Saturday, September 11, 2010

Because God Says So

How can a possibility which never occurred have any substance in truth? It did not pan out, afterall, so how can it be known to be true? Ultimately, truth is about fact, or what actually is, or a correspondence to reality, is it not? So how can a mere possibility be true, what would make it so? The question may seem inconsequential to you, perhaps the musings of too active an imagination, but since counterfactual statements are made in the Bible, I think the issue is more than the cogitations of someone who drank too much coffee and couldn't get to sleep.

If a statement is merely about the future, I think it is simple enough to divide the timelessness of the observer, who could know such things (God), from the timeboundness of the actors. Future tense statements about what will happen will be grounded in fact when the time rolls around. Our access to truth in these cases is a matter of faith. God's access to truth in these cases is from his timeless observation platform, where, for him, the future is real and every bit as accessible as is the present or past.

The case of "what-ifs" statements is not so simple. They never come to pass so never have the opportunity to become fact in reality. Yet, God speaks as if they are not the mere musings of possibilities, but as if they were settled verities, as certain as anything can be. Could they be words spoken by the Lord that return void? No, it is impossible for God to be impotent, in error, or to be lying. If these kind of statements are true, they can only be so because God said it and God does not lie. Of course, that opens whole 'nother can of worms.

If God can make true counterfactual statements, it means that God's omniscience cannot be merely observational, as if God must await the decision of an agent before he can know what that agent will do. God's omniscience must be of the sort that is perfectly analytical and predictive. That raises the specter that whatever an agent will or could do is ascertainable by presently (or formerly) existing facts. That, really, is a deterministic framework: A leads to B leads to C, etc. Follow the trail backward and eventually you end up with a thought in the mind of God and a decision to make it so, or so it would seem.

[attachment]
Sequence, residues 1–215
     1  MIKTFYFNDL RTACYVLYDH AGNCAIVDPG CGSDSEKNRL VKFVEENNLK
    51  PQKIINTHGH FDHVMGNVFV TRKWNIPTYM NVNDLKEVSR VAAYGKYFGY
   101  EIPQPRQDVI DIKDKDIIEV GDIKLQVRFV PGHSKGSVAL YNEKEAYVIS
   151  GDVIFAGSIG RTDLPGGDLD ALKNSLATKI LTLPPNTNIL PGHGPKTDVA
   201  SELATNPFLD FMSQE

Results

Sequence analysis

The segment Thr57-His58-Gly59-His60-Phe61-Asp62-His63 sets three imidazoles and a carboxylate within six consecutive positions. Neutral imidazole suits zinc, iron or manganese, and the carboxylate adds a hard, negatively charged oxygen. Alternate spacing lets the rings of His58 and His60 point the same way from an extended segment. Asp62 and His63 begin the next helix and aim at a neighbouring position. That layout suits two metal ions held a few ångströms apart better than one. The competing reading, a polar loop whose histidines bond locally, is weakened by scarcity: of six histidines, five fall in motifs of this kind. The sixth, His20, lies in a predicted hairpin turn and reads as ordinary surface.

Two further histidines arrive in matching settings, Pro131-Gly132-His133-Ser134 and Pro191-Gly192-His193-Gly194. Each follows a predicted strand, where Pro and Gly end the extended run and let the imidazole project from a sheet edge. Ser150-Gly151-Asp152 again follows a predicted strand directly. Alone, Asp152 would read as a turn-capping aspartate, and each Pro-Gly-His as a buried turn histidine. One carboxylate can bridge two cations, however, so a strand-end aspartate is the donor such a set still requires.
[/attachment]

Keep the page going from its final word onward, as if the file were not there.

Do true counterfactual statements demand determinism? No, because that leap is made without understanding how God actually knows what he knows, and ignores what God tells us about what he is and isn't responsible for. I do not think it is possible for us to formulate an understanding of how God knows what he knows--it's too far out of our plane of existence. We know what he tells us about his deliberations, nothing more. He tells us that humans do things on their own, things that never entered his mind to tell them to do. Sin itself is the consequence of an agent truly having the ability to make a choice counter to God, not initiated by God.

Therefore, the grounding for counterfactual statements is nothing less than God's character. I can make counterfactual claims, but they'd always be taken with a grain of salt. How many such claims made by blokes like me have proven out when conditions made them actually possible? It seems to me the problem arises, not in the grounding of such truth, but in how it could be so and still allow for human freedom. There is no puzzle here, truth is not about anything other than what proceeds out of the mouth of God! The question for us comes down to brute faith--we're forced to stand in the simplicity of a child and answer, "because God says so."